Impact of home parenteral nutrition on daily life: A qualitative study of eight patients

Authors

  • Pui Yan Tsang,

    1. University of Sydney, Sydney, Australia
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    • P.Y. Tsang BSc, Master of Nutrition and Dietetics Student
  • Sharon Carey

    Corresponding author
    1. Nutrition and Dietetics, Royal Prince Alfred Hospital, Sydney, Australia
    • Correspondence: S. Carey, Department of Nutrition and Dietetics, Royal Prince Alfred Hospital, Missenden Road, Camperdown, NSW 2050, Australia. Email: slamb8@bigpond.com

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    • S. Carey PhD, Clinical Dietitian (APD)

Abstract

Aim

Existing qualitative research reveals that people on home parenteral nutrition often experience psychological problems, such as anxiety and depression, and social impairment. The aim of the present study was to explore the impact of home parenteral nutrition on daily living in a cohort of Australian patients.

Methods

All eight patients receiving home parenteral nutrition at a large tertiary hospital were recruited for a semistructured interview face-to-face or by phone. Questions for interview included impact of home parenteral nutrition on general life, eating habits, social life and quality of living. An inductive thematic analysis approach was used.

Results

Analysis showed that participants feel that home parenteral nutrition has many restrictions due to stringent regimens and limitations in being able to participate in activities such as swimming and travelling. Despite these restrictions, patients felt home parenteral nutrition had improved their quality of living, and it was seen as a life-saving intervention. Eating habits were changed due to medical conditions rather than due to home parenteral nutrition. Social life of participants was not greatly affected.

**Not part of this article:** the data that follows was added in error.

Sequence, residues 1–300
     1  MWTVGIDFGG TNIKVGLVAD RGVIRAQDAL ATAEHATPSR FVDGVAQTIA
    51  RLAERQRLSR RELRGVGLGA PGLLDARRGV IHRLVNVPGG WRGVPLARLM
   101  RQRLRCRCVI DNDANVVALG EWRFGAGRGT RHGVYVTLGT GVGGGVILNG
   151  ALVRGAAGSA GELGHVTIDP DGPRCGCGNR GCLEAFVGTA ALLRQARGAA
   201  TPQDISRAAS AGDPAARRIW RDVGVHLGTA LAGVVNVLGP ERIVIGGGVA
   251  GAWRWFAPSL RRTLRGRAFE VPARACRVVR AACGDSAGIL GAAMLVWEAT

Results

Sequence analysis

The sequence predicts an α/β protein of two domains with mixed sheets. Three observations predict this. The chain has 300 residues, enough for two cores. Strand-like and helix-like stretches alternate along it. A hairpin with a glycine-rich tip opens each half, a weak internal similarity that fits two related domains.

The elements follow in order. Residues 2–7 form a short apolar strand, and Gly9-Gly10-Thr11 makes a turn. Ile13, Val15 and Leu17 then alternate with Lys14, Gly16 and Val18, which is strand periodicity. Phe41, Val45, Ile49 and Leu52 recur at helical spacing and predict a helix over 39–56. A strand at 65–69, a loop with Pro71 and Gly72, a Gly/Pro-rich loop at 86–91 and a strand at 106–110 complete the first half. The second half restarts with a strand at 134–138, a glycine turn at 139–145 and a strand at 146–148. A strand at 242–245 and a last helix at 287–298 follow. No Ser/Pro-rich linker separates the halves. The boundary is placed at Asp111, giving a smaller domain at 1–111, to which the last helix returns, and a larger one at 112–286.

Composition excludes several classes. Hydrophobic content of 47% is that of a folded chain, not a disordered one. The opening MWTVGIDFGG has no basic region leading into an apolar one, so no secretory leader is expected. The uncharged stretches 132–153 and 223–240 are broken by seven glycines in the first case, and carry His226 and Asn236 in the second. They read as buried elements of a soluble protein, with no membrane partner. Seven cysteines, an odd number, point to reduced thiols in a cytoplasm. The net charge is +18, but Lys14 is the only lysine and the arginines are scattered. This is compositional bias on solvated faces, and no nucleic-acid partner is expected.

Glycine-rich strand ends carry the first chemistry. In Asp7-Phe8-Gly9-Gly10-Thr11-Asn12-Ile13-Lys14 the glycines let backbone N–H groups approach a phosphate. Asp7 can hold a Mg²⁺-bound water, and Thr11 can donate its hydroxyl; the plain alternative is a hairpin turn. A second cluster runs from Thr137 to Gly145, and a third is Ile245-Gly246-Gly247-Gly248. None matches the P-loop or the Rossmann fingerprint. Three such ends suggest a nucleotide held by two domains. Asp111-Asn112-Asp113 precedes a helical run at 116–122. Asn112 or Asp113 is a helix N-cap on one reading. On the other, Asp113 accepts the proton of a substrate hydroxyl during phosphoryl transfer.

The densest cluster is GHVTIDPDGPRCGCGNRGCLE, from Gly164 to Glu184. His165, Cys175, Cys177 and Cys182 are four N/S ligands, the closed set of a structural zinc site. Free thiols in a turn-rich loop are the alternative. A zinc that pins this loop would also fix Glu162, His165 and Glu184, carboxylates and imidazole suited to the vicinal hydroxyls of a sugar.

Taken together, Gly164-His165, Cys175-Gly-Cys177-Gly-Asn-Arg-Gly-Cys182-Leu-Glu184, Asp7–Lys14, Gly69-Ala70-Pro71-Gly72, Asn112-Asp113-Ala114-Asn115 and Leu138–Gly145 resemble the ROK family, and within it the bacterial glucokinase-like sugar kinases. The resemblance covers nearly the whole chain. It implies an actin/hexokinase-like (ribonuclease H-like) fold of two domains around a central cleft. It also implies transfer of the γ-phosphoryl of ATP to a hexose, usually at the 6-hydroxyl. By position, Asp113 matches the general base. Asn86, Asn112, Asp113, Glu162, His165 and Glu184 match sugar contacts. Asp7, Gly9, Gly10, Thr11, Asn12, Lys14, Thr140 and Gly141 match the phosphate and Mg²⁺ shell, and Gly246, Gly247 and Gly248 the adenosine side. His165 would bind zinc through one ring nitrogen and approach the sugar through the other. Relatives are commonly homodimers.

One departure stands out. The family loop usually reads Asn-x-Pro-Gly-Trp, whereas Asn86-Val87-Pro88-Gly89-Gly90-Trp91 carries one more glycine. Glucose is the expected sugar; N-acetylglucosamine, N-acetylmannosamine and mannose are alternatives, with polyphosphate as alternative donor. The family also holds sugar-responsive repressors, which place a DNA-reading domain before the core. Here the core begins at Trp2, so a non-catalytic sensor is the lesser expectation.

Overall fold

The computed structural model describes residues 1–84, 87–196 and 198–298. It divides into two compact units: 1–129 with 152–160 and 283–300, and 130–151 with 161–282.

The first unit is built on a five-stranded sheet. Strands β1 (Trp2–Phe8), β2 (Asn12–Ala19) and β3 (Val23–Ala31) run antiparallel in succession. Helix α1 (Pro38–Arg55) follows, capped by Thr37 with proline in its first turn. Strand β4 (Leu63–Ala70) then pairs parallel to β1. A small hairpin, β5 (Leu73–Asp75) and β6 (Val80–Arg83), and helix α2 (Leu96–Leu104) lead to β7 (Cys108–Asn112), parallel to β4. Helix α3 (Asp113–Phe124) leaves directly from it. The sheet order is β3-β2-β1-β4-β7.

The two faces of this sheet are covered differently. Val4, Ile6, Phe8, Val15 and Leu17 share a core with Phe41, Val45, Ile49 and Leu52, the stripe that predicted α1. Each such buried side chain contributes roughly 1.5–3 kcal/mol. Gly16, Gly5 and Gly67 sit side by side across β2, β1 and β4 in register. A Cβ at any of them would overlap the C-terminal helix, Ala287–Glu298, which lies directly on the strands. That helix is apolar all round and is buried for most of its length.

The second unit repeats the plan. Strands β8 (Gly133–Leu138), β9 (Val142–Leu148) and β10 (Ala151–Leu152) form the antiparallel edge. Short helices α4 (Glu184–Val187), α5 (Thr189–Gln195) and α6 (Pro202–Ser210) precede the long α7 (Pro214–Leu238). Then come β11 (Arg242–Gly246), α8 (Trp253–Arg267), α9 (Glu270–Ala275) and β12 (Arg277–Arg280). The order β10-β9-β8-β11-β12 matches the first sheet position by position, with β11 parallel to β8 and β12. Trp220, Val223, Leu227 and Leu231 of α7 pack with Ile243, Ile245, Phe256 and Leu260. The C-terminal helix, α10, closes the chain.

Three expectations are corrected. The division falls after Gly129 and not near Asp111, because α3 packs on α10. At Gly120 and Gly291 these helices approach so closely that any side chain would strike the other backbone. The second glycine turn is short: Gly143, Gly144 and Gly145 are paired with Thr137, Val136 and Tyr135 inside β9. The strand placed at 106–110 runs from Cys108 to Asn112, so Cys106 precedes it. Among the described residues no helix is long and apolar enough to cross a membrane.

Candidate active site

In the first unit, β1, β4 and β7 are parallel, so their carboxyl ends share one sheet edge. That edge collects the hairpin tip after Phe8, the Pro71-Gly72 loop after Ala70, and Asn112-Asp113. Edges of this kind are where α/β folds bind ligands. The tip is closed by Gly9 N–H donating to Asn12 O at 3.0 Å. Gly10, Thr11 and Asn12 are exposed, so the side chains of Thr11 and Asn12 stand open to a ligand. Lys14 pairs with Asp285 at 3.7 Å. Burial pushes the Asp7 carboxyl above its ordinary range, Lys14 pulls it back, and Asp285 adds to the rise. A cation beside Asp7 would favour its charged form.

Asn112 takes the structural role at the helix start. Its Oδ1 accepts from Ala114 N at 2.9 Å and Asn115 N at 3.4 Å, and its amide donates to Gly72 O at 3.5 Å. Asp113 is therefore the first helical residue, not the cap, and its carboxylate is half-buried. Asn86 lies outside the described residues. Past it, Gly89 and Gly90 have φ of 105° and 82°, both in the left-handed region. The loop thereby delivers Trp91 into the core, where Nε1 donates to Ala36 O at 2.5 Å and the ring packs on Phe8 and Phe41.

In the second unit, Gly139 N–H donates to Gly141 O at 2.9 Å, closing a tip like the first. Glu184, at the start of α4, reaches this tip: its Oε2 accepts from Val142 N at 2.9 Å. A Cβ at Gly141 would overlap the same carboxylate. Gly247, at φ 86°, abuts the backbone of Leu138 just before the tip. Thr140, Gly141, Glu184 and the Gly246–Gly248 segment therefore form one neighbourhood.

Conclusion

Patients reported that their daily living was improved by home parenteral nutrition despite the associated burdens. Health professionals should consider earlier initiation of home parenteral nutrition in intestinal failure patients to improve quality of living for these patients. A more structured multidisciplinary model of care would ensure that patients have access to psychological support where required.

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